Long Nose Interface Piece for Face Mask




Introduction: Long Nose Interface Piece for Face Mask

If you have a long nose, you might be familiar with the pains of wearing a face mask, as in:

  • medical masks, as is now mandatory where I live, with the ongoing 2019-nCoV epidemic
  • PM2.5 masks, if you live in a polluted city

Not all masks allow for a tight seal in the crease of the nose for all face shapes. They let air blow into your eyes, and cause discomfort, fog on your glasses, and possibly conjunctivitis. A bad seal also renders the mask ineffective, in the case of eg: N95 masks.

I've finally set out to address the issue. And no, I'm not cutting my nose.

Before diving into this instructable, if you have light clay at home, you can try molding it around your nose directly. (adding a bit of elastic band or fabric might help it not break apart). I did that, and the result kind of worked, but looked ugly.

Also, if you're struggling with PM2.5 masks, try the 3M 9322 (3-fold) first. They fit me quite well. (Disclamer: I am not affiliated to them in any way).


I've used objects laying around my house, including:

  • Alginate and plaster, plus a silicon bowl and spatula from an dental impression kit. The quantity for one impression was enough.
  • super light clay, stolen from my kid
  • 10 cm of cloth elastic band, ideally white. Mine was 15mm wide. A strip of light fabric would probably work as well.
  • a hot glue gun
  • white (wood) glue
  • cardboard, clamps, cissors, water, and a sheet of toilet paper

Step 1: Prepare the Cardboard Frame

I've cut out the shape of my nose, more or less, in a sheet of rigid cardboard.

I've then hot-glued a wall that somewhat follows the shape of my face.

Alginate is quite forgiving of small holes, it will not leak so much. However, it needs a rigid structure to keep its shape once unmolded.

Also, be careful not to pinch your nose with the cardboard. If you do, the molding will work just fine, but the resulting nose piece will make it more difficult for you to breathe.

Step 2: Pour in the Alginate...

This is the messy part. Be very careful, as once you've got alginate on your cloth, don't expect to get them clean again. I did this step bare-chested.

Alginate hardens in a matter of seconds, so you need to act quickly. Also, you need one hand for holding the cardboard, and one for pouring. If you spread it too thin, it won't hold once unmolded.

Having someone help you, or working in front of a mirror, might help.

Step 3: Pouring the Plaster

Once you've got your nose cast, you're ready to make a plaster positive. Do it right away, otherwise the alginate cast might have time to dry, and shrink.

I used a sheet of plastic from the cover of an old notebook, which I clamped to the bottom of the cardboard frame. I used the spatula to first clean up the alginate that had oozed below.

I laid the plaster mold sideways, so it wouldn't spill out, and left it to solidify for half an hour or so; check your plaster's instructions.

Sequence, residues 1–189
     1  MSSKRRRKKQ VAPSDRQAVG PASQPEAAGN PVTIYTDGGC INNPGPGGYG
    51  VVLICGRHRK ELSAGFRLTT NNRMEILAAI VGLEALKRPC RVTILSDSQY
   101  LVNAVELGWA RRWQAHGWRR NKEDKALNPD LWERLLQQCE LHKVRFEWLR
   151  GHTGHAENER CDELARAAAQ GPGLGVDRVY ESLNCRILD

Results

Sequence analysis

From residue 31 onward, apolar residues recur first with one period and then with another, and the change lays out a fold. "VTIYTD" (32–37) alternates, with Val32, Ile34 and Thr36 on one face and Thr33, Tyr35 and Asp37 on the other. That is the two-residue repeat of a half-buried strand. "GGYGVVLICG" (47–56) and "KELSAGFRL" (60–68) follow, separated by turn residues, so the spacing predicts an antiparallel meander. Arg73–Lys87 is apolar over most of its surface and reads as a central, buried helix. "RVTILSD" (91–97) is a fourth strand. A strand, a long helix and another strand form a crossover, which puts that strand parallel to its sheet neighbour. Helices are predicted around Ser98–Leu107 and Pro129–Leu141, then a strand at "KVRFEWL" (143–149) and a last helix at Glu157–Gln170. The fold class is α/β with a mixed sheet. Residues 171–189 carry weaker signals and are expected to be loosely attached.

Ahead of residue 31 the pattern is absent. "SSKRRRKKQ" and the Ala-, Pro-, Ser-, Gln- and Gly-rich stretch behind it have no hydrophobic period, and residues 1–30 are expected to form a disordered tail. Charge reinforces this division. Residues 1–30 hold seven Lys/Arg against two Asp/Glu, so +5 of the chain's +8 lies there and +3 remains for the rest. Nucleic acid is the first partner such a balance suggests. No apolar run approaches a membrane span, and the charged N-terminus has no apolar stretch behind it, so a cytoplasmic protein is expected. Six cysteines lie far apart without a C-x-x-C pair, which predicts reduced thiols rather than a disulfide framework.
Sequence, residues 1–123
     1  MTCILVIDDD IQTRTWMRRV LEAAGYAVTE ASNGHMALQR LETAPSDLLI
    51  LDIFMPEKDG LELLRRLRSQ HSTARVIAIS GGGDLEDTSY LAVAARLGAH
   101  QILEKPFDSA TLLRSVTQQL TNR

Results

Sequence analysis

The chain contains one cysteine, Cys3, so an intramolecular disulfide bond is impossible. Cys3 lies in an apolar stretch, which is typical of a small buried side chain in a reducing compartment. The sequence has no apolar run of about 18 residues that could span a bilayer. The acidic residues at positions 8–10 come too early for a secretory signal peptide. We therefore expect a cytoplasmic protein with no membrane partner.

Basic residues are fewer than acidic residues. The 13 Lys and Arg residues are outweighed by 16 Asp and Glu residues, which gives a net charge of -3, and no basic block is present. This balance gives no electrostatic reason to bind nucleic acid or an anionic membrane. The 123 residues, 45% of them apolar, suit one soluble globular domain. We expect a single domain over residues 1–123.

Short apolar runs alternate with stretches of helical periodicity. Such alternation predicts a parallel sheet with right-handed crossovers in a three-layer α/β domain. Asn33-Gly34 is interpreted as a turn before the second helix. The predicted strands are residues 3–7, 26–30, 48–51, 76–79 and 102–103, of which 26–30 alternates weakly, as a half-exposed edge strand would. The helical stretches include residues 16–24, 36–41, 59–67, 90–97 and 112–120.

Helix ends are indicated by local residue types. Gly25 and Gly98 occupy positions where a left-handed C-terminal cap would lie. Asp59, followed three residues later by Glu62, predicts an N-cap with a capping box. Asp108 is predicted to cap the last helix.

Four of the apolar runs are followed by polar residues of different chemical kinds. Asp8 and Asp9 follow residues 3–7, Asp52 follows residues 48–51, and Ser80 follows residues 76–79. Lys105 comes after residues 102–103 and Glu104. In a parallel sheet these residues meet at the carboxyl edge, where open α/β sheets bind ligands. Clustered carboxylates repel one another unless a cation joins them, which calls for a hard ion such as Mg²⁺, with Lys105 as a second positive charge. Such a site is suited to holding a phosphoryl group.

After that, I trimmed all the concave bits at the edge of the cast, to ease the next step. I also had to remove one or two protuberences from air bubbles in the alginate; they got off quite easily and didn't impact the end product.

I ran out of plaster during the process, so I put a few small objects in the (big?) nose for filling.

Once you're happy with your plaster nose, you can discard the alginate impression, as you won't be needing it anymore.

Step 4: Final Step...

My first clay nose piece got stuck to the plaster, and I had to rip it off bit by bit. I then added a sheet of wet tissue on the plaster nose to ease the unmolding.

The second attempt failed because the bridge was too brittle. I fixed that by adding a small piece of black elastic band. I first massaged the fresh clay inside the fabric carefully on both sides, to make sure it adhered well. That worked like a charm.

The next attempt failed because the nose piece was too big (that's the photo with the elastic band. Don't do that.) It held on my nose, but it would not fit inside the face mask.

The last attempt worked allright. You really want to make the nose bridge as thin as possible. And the rest as well: all you need is to reduce the crease of your nose, not eliminate it completely.

Also remember that light clay takes a long time, sometimes days, to dry to the core. Start with something thin, let it dry, try it out, then add material where needed. Putting the clay in front of a fan speeds the drying a lot, but not as much as working in layers. The final nose piece picture here was made in 2 layers.

Step 5: The Result!

The nose interface piece feels at home on my nose, and doesn't pinch it, though if falls off readily if I move my head.

I ended up adding a little bit of double-sided tape, though the first brand I tried didn't stick to the light clay at all.

When I put on my mask, I fiddle with it until my breath stops blowing into my eyes. Voilà!

Wearing the nose piece notably improves comfort and airtightness of my medical masks (even though, I know, this type of medical masks aren't designed to be completely airtight).

As for N95 masks, I was already getting a tight seal with the 3M 9322 (3-fold) masks. I had a try anyways, and, while slightly bulky, the nose piece still fits in and allows for a tight seal. Other masks, like the 3M 9003 (which did not fit me at all without the nose piece), work better as well.

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